Note: All posts about the Mill Flat fire available HERE, with the most recent post first.
After flying over the Mill Flats wildfire area near New Harmony, Utah in a helicopter on Sunday August 30th, 2009, Utah Governor Gary Herbert joined critics questioning why the 10,000-acre Mill Flat Fire that, according to a new Deseret News story, has now destroyed at least 11 structures and threatened more than 600 others was not suppressed earlier.
Gov. Herbert criticized the U.S. Forest Service's decision to let the lightning-caused fire burn as a way to clear old growth and invite rejuvenation. "A lighting strike may be a good way to manage resources but [it] may not be the best practice," the governor said. Conditions similar to those where the Mills Flat Fire is burning exist throughout central and southern Utah on public land in Gunnison, Garfield and Iron counties, and the governor plans to take the matter up with Bureau of Land Management and Forest Service officials. In any event, Gov. Herbert believes the Forest Service should take responsibility since they allowed the fire to become a "controlled burn", so that state taxpayers won't bear the cost.
But acknowledging the possibility that the Forest Service may have their own hands partially tied, Gov. Herbert also took aim at restrictions on the use of federal wilderness areas. The fire started on July 25th within the Pine Valley Mountain Wilderness Area after a lightning strike. Before Congress designated the area as protected wilderness, livestock were allowed to graze within the wilderness, which minimized the vegetation overgrowth that causes fires to burn more intensely when they do start. Now, because of the law, the naturally-sparked fire was the only way crews could get rid of the thick dead brush that had accumulated from a beetle infestation. And that dead brush was rocket fuel for this fire.
Two of the latest news videos from August 30th about this fire are embedded below. First, a KSL Channel 5 news video:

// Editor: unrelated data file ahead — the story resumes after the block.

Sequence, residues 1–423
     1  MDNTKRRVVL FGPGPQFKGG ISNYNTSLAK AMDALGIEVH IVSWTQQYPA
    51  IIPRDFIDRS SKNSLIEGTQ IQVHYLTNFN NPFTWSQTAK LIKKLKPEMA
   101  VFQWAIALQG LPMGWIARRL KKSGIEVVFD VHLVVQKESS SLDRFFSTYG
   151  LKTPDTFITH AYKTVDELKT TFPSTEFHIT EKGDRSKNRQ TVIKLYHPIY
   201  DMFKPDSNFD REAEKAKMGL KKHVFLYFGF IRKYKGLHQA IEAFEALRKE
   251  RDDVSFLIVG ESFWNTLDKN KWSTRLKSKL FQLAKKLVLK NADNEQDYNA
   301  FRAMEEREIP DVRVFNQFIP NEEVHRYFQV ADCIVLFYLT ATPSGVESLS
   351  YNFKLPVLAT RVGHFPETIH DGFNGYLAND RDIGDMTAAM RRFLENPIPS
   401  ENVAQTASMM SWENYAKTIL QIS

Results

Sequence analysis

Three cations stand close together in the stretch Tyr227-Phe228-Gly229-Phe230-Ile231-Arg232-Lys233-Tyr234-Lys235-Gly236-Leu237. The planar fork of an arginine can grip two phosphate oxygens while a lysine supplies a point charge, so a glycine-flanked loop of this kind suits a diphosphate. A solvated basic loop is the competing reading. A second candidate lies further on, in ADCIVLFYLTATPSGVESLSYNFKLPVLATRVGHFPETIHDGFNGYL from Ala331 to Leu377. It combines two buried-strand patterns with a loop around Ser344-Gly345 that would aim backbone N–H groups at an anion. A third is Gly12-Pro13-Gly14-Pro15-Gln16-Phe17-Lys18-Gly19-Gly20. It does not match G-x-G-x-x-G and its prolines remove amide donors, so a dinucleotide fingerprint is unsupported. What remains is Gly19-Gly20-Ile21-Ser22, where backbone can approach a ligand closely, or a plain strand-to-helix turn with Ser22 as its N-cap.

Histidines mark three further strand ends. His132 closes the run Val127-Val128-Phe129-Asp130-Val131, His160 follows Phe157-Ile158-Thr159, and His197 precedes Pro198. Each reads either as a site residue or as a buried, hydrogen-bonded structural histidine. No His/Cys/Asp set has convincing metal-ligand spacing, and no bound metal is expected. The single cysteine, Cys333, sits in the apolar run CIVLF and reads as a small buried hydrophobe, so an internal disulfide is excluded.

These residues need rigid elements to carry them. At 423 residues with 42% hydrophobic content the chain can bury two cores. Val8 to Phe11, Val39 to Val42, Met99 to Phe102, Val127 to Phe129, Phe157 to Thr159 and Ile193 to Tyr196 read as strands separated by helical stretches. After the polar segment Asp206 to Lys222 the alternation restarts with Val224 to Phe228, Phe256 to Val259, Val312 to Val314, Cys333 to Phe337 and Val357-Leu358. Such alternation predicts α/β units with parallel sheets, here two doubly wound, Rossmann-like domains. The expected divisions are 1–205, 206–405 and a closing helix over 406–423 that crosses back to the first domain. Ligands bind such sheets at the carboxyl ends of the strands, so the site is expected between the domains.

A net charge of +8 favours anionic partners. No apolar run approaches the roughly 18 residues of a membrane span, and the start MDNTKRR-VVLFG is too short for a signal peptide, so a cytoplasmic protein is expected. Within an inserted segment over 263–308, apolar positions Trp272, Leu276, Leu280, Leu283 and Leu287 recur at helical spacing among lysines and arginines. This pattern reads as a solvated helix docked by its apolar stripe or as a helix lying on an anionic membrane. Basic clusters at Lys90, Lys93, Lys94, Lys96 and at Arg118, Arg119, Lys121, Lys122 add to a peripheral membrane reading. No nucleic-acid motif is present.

Next, an August 30th news video from KSTU Channel 13:
But a number of local people foresaw disaster when the Forest Service decided to just let it burn. As long as two weeks ago, Las Vegas resident Jon Petersen, whose family has a house in New Harmony, said he went up to a ridge top to look at the fire, and saw tragedy coming. "The smoke would flare up in Pine Valley and drop its ashes [and embers] on New Harmony", said Petersen.
And just last Wednesday August 26th, a town meeting was held with officials from the Forest Service. Many residents voiced their opinions during that meeting that they wanted the effort to put out the fire stepped up. At least one longtime resident even predicted the fire would grow out of control if they didn't, said Teresa Larsen, who owns a house with her husband and children in New Harmony. "It's a shame. It didn't have to happen," she said. "It's just sad. The town has been begging, 'Get this thing out.' It just didn't have to happen," she said. "They had so many chances when it was so small."
As I revealed in my previous post, the Forest Service did begin to ratchet up its efforts about a week ago when the fire began to move towards New Harmony. They began working the fire with a helicopter to try and keep it from getting into the canyon. But unfortunately, on Saturday August 30th, the "perfect storm" struck. Unpredicted strong and erratic winds, combined with high temperatures and low humidity, caused the fire to grow from 5,000 to 10,000 acres in 24 hours. To make matters worse, the Forest Service was prepared to make water drops using helicopters, but the main column of smoke collapsed, blanketing the region in a thick haze that prevented the choppers from flying. The result was the fire jumped past several fire breaks and rushed down the canyon toward structures.
Had the column of smoke not collapsed, the choppers could have flown, and most likely the fire would not have jumped the fire breaks. But by waiting so long to begin suppression, the Forest Service left themselves with too narrow a margin for error.
There are now plenty of resources on hand to combat the blaze. There are 140 firefighters, 30 fire engines, three helicopters, three single-engine air tankers, and two large air tankers on hand to fight the wildfire. An evacuation shelter has been opened at 80 South Main St. at an LDS chapel in Kanarraville in Iron County. The shelter is available to people needing a place to sleep or food or clothing. Evacuees can also call the main Red Cross switchboard at 801-323-7000.
And, for the first time, we have a prognosis. The main group of 200 homes in New Harmony were believed to be out of danger Sunday night barring any more dramatic shifts in the weather. There are still concerns about two dozen homes in the outlying areas both to the north and south of town. Firefighter must make as much progress as possible tonight because more hot and windy conditions are expected on Monday. But if all goes well, evacuated residents could be back into their homes by Tuesday or Wednesday and the fire could be under control in a week.